“Environmental justice” is often used to benchmark corporate social responsibility.
“People of color and low-income populations are disproportionately impacted by pollution,” argues Leslie Fields, Sierra Club director of environmental justice. Industrial facilities are a byproduct of consumption, and most people living near “hazardous waste facilities” are minorities, activists claim.
Mitt Romney “bought and sold companies, and sometimes people lost their jobs,” presidential candidate John McCain declares.
“Every time a child dies as a result of floods in Bangladesh, an airline executive should be dragged out of his office and drowned,” for causing global warming, rants UK firebrand George Monbiot. Government leaders “should go to jail” for failing to act more quickly to prevent planetary climate cataclysm, Canadian eco-zealot David Suzuki declaims.
These assertions range from simplistic to outrageous to straight out of Lewis Carroll.
“When I use a word,” Humpty Dumpty said in a rather scornful tone, “it means just what I choose it to mean, neither more nor less.”
“The questions is,” said Alice, “whether you can make words mean so many different things.”
“The question is,” Humpty Dumpty replied, “who is to be master. That’s all.”
Indeed, those who define the debate often determine public policies – and dictate who is to be master: those who must live with the consequences of their personal choices – or those who must live with policies imposed by others. That reality underscores why terminology and debate terms must be founded on full and fair assessment of risks and benefits, especially to the poor and powerless, rather than on what advances political agendas.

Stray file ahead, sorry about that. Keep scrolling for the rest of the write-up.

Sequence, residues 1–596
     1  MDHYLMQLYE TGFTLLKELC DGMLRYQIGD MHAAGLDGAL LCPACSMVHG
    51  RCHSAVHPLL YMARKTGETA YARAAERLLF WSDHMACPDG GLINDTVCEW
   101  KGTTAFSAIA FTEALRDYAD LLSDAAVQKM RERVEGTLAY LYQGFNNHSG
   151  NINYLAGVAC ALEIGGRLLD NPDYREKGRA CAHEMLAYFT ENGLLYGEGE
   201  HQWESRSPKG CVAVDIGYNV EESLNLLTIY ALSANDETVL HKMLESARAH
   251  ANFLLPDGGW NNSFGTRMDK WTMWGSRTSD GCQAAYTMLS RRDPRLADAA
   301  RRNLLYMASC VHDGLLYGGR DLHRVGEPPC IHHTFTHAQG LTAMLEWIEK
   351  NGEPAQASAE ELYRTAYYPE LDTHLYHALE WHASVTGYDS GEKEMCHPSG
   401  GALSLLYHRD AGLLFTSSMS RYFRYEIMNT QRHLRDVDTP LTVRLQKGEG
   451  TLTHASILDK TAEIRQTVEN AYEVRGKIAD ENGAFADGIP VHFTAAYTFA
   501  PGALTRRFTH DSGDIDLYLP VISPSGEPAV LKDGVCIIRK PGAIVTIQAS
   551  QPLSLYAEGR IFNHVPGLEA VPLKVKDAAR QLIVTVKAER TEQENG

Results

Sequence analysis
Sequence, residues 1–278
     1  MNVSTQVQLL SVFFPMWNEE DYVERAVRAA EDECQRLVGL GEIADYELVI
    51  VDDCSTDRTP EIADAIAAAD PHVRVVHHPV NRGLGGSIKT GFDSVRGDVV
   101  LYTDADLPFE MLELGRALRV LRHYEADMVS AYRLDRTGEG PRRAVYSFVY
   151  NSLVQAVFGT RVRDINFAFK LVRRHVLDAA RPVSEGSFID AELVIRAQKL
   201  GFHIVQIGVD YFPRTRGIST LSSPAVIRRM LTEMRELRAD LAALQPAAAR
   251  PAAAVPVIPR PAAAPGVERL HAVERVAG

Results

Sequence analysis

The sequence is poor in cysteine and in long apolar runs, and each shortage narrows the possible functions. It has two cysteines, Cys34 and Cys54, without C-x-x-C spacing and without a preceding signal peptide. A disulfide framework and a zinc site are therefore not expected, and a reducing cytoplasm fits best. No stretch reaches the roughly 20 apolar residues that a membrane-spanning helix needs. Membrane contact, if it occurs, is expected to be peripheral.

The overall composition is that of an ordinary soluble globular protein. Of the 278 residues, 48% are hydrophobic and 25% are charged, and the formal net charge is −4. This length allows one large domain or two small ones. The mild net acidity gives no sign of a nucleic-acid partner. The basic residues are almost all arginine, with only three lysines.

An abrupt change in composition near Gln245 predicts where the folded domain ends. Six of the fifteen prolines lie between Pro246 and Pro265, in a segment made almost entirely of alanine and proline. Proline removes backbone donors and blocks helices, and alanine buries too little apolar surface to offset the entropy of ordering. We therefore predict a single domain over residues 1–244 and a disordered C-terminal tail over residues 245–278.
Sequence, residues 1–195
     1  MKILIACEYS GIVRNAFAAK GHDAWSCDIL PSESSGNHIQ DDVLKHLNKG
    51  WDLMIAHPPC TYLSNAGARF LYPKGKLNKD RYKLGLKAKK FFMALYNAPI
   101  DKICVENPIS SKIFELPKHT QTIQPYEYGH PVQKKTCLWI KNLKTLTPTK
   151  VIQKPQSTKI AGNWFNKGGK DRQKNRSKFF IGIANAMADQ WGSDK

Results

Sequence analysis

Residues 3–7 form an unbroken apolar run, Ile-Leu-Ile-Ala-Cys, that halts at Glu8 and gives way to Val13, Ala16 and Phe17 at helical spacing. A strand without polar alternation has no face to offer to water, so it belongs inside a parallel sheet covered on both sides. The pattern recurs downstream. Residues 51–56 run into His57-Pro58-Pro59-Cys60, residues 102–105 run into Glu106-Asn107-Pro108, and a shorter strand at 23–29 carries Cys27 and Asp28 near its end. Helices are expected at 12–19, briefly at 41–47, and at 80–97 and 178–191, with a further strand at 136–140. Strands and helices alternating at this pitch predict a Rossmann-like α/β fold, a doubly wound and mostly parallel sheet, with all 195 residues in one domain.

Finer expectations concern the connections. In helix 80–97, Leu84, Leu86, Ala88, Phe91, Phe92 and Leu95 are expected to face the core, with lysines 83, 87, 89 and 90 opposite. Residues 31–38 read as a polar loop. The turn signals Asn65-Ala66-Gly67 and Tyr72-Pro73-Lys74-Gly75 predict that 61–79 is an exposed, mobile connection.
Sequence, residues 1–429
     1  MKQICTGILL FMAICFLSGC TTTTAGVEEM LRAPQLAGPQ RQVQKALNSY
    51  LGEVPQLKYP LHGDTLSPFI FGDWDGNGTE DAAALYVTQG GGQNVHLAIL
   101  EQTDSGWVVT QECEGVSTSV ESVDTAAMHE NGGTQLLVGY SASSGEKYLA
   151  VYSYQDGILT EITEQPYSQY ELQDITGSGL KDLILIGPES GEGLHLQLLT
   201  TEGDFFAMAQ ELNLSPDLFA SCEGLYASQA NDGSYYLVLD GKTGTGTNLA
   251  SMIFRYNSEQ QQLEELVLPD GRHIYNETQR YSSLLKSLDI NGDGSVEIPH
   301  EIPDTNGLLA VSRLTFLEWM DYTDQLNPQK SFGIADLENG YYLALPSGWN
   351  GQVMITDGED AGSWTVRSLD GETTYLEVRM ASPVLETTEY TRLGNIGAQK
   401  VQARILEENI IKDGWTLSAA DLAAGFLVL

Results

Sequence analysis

A few years back, mostly black residents of Convent, Louisiana welcomed the construction of a modern plastics factory that would have brought 2,000 construction jobs and 165 permanent positions that paid double the wages of working in sugar cane fields, plus health benefits and a stronger tax base. The local NAACP also supported the facility.
But Sierra Club activists claimed Shintech, Inc’s factory might increase allegedly high cancer rates, in violation of environmental justice principles. The factory was built elsewhere, in a mostly white community, and Convent remained poor.
Allegations of high cancer rates turned out to be false. In fact, cancer rates might well have declined, because workers with medical benefits would have discovered the disease in time to get treatment. But activist notions of “environmental justice” had prevailed. They were the masters, and Convent’s residents never had a choice. By the time the truth came out, the activists were lambasting other facilities.
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